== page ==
The United States, West Germany and Japan will fall far short of meeting their own economic growth targets this year, an international group of influential economists said yesterday.

And unless they move promptly in the direction of expansion, the 1977 targets won't even be met in 1978, they predicted. As a result, unemployment will remain high or even worsen in the industrial world.

To cope with the grim outlook, the economists called for other major countries, including Canada and several in western Europe, to join in a movement for economic stimulation.

Year-over-year growth targets for 1977, as set last May at the London Economic Summit, were 4.5 to 5 per cent for Germany, 5.5 and 5.7 per cent for the United States and 6.7 per cent for Japan. The economists yesterday estimated that the actual scorecard would instead read 3 per cent for Germany; 4.75 for the United States and 5.75 per cent for Japan.

"It is important," a statement released yesterday said, "to ensure that the growth of output for some time ahead should exceed the growth of productive potential and not fall short of it."

At a news conference, the economists estimated that economic performance in the United States and West Germany is running at least 7 per cent below its potential, and that the gap in Japan is about 10 per cent.

The economists met there in the ninth of a series of Tripartite Conferences sponsored by the Brookings Institution, the Japan Economic Research Center and the Kiel Institute for World Economics of West Germany.

The German Marshall Fund of the United States contributes to the financing of the sessions. In addition to the "big three" countries, Italy, France and Britain were also represented.

The call for all major nations to step up the pace of economic activity echoed a theme initiated at the International Monetary Fund annual meeting in Washington at the end of September. In a reversal of policy, the IMF urged a focus on recovery instead of inflation control.

For 1978, the economic outlook foreseen by the Tripartite group was somewhat more grim that predicted during the IMP meeting. For example, against a private IMF staff estimate that real economic growth in Germany would recover to a rate of 4.8 per cent in the first half of 1978, the group yesterday predicted a German gain of only 3.5 per cent for the full year 1978.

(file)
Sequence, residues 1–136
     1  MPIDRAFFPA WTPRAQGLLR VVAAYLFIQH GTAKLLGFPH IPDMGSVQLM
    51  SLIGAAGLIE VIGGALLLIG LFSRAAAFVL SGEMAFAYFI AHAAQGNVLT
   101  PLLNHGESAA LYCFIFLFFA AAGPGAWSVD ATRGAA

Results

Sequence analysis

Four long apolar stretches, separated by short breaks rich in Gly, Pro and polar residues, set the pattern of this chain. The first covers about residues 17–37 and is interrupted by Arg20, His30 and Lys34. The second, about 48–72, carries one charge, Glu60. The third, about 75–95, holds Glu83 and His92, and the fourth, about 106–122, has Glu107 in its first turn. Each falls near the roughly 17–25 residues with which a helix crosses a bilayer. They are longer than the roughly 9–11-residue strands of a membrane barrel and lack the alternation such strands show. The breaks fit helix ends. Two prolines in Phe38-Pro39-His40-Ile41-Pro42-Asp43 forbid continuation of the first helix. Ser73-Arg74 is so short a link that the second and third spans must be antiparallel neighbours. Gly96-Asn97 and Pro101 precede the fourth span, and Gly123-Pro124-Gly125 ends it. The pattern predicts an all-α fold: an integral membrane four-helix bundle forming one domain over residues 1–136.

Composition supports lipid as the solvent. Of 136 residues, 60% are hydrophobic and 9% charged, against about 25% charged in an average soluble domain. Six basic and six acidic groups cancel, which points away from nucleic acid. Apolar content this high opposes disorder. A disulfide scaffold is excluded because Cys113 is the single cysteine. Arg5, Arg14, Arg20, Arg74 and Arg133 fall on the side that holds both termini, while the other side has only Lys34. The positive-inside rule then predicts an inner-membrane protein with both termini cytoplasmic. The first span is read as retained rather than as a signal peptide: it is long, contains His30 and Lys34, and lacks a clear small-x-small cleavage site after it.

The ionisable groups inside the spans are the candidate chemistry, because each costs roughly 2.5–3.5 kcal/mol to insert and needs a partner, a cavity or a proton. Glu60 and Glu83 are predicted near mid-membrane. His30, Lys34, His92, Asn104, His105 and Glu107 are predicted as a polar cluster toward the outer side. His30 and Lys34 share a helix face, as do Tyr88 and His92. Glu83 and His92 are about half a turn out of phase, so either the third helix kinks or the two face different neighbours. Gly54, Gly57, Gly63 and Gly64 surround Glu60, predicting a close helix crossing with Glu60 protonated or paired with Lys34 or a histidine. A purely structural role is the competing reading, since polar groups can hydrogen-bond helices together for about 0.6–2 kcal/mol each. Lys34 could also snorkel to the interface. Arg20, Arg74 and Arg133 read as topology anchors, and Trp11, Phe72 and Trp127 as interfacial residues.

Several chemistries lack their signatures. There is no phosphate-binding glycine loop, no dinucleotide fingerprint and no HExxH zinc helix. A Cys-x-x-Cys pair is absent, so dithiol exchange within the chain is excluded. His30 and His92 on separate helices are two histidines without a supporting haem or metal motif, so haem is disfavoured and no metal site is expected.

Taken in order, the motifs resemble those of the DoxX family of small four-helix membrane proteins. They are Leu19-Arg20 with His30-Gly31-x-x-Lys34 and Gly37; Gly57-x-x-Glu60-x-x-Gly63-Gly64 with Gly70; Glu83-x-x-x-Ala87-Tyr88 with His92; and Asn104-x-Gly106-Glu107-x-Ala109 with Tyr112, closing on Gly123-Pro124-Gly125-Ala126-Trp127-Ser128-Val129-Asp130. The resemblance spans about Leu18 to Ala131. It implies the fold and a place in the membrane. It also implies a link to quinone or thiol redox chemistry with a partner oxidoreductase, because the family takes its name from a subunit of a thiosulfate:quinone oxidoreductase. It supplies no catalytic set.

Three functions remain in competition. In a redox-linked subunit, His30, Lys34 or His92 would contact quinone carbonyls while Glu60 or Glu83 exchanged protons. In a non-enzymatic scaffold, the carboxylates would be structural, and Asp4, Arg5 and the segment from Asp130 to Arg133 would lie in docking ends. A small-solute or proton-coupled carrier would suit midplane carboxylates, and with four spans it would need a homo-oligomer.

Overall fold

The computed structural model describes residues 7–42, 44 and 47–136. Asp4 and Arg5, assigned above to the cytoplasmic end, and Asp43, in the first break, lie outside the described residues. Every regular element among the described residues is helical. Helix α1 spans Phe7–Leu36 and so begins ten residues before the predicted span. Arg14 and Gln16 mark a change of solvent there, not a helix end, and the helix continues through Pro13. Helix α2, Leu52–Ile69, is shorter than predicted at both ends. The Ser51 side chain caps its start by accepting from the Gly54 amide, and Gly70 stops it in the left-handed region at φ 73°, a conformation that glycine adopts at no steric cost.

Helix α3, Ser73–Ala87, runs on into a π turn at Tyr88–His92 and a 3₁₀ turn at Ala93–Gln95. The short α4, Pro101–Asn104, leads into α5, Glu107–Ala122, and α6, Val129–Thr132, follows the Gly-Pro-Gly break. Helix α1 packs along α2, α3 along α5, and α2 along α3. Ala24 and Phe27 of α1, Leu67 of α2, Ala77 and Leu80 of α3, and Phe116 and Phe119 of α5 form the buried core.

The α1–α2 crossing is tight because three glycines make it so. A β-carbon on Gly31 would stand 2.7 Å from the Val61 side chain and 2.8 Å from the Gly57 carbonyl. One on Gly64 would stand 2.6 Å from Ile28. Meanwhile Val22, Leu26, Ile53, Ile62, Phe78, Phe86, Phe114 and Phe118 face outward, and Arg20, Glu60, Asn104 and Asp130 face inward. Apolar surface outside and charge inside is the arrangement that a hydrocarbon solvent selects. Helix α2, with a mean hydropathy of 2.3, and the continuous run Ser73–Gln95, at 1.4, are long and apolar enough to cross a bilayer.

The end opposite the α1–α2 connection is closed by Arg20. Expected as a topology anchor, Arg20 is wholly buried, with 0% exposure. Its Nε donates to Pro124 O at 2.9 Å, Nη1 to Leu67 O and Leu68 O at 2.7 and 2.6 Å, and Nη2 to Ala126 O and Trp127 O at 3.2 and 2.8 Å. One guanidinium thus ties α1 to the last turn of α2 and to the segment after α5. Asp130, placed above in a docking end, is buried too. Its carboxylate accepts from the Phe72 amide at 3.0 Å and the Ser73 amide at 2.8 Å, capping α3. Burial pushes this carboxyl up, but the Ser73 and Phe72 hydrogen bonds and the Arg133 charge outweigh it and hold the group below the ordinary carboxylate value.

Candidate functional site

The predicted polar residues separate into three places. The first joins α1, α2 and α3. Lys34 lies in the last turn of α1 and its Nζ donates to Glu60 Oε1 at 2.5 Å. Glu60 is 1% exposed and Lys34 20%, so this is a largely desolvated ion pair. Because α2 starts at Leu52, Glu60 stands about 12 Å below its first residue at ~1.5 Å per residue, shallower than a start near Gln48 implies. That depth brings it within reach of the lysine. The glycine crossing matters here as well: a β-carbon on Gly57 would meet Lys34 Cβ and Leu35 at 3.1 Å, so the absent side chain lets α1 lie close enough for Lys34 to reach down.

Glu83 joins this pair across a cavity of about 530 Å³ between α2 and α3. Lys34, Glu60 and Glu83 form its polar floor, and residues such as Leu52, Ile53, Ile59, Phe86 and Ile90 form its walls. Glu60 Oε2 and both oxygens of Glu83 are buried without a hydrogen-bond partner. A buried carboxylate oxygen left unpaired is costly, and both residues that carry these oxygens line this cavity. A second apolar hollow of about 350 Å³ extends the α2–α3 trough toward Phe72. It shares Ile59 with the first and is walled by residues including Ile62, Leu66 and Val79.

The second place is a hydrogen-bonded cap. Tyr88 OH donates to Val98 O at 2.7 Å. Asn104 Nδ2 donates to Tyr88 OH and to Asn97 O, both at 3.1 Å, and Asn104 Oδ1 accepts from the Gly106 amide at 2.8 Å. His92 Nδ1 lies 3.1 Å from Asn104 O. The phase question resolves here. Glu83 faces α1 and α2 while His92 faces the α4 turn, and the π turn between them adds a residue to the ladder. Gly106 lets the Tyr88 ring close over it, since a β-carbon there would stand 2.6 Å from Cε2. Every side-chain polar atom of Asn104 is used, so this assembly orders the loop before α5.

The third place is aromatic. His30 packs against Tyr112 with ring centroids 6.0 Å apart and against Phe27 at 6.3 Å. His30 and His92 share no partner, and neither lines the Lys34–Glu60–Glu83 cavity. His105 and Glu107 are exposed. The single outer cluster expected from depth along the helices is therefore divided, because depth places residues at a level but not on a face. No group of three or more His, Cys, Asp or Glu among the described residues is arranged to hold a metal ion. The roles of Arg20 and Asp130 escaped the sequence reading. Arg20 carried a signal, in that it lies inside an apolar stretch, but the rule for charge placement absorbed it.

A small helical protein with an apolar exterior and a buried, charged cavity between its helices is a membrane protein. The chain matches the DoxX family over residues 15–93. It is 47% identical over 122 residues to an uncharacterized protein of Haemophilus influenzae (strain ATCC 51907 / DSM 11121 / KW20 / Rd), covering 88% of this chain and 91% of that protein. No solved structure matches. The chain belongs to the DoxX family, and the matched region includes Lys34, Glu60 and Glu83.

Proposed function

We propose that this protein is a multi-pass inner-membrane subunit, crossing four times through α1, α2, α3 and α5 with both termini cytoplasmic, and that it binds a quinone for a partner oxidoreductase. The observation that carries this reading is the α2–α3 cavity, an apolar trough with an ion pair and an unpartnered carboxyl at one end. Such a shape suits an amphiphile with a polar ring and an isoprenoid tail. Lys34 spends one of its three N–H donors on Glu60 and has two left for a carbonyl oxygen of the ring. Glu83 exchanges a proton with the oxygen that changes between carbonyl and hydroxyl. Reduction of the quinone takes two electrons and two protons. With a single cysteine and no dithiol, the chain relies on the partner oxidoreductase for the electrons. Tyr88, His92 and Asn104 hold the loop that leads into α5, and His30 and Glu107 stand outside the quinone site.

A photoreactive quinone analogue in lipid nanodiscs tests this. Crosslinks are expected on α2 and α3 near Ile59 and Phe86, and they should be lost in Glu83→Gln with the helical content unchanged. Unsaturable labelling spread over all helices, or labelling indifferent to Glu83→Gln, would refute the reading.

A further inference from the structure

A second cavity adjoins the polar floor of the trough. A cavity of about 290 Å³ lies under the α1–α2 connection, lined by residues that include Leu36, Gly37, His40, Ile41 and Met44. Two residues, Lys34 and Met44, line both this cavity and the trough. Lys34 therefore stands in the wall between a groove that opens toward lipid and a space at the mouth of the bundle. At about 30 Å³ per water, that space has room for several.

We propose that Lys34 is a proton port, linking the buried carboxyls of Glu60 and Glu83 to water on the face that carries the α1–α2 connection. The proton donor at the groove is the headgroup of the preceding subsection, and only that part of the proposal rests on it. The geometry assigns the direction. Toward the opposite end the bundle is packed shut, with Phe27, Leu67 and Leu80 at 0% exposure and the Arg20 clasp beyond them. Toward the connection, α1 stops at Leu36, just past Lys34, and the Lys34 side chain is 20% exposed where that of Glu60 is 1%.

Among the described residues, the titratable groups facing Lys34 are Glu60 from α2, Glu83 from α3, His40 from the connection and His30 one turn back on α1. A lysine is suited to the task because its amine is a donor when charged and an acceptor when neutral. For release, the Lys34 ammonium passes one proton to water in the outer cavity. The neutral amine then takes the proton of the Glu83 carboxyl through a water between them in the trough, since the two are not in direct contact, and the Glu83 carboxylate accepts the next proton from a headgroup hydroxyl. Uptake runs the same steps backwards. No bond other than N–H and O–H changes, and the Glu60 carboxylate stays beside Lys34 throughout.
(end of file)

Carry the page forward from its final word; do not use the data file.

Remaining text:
For the United States, the IMF had predicted a 5.1 per cent fist half GNP growth. But the more sluggish pattern noted here recently was reflected in a forecast by the Tripartite group for an American Gross National Product growth slipping to 4.25 per cent next year.

The U.S. unemployment rate, which the economists said would be 7 per cent this year, well over President Carter's target, would improve only fractionally to 6.75 per cent in 1978. Brookings' director of research, Joseph A. Pechman, told a reporter that, because of time lags, "whatever fiscal measure are taken next year, the 1973 figures won't budge much."

As for Japan, the economists forecast that the 5.75 per cent gain in 1977 would drop off to 5.5 per cent in 1978 without some significant changes in Japanese government programs to stimulate the economy.

Brookings President Bruce K. MacLaury, speaking for the group, stressed that "no single policy, but a set of measures" will be required to close the gap between potential and actual output in the industrial countries.

He and others in the group conceded that there are still serious, if diminishing, rates of inflation in several of the major countries. But the group's statement says that "nowhere . . . can inflation be attributed to excess demands at the present time."

Present inflation, instead, was attributed to cost-push pressures, which could be alteviated by some form of voluntary wage and price restraints.

In that connection, Herbert Giersch of the Kiel Institute suggested that "a slowdown in wage increases in the next few years will add to employment [now], and a high payoff in terms of higher wages [later on]."

Like the IMP, the economists who participated in the Tripartite Conference shifted their emphasis since they met here a year ago. Then, they put the burden of pulling the world out of recession on the United States, West Germany and Japan, assuming them to be "engines of world recovery."

But none of the leaders performed as well as Predicted, and a general stagnation occurred. At the same time both England (helped by North Sea oil and Italy (helped by an austerity program) improved their balances of payments and inflation results.

The Tripartite Conference thus called on them along with Switzerland and the Netherlands, who now enjoy balance-of-payments surpluses, to join in the expansionary move. As to the big three, the message was "try even harder."

In addition to MacLaury, Pechman and Giersch, other participants were Hisao Kanamori and Seuo Schiguchi of the japan Economic Center. Tadeo Uchida of the University of japan, Pascal Salin of the University of Paris. Angelo Tantazzi of the University of Bologna; Norbert Walter of Kiel, G.D.N . Worswick of the London National Institute of Economic and Social Research, Gardner Ackley of the University of Michigan, J.R. de Cotret of the Conference Board of Canada and Robert Solomon of Brookings.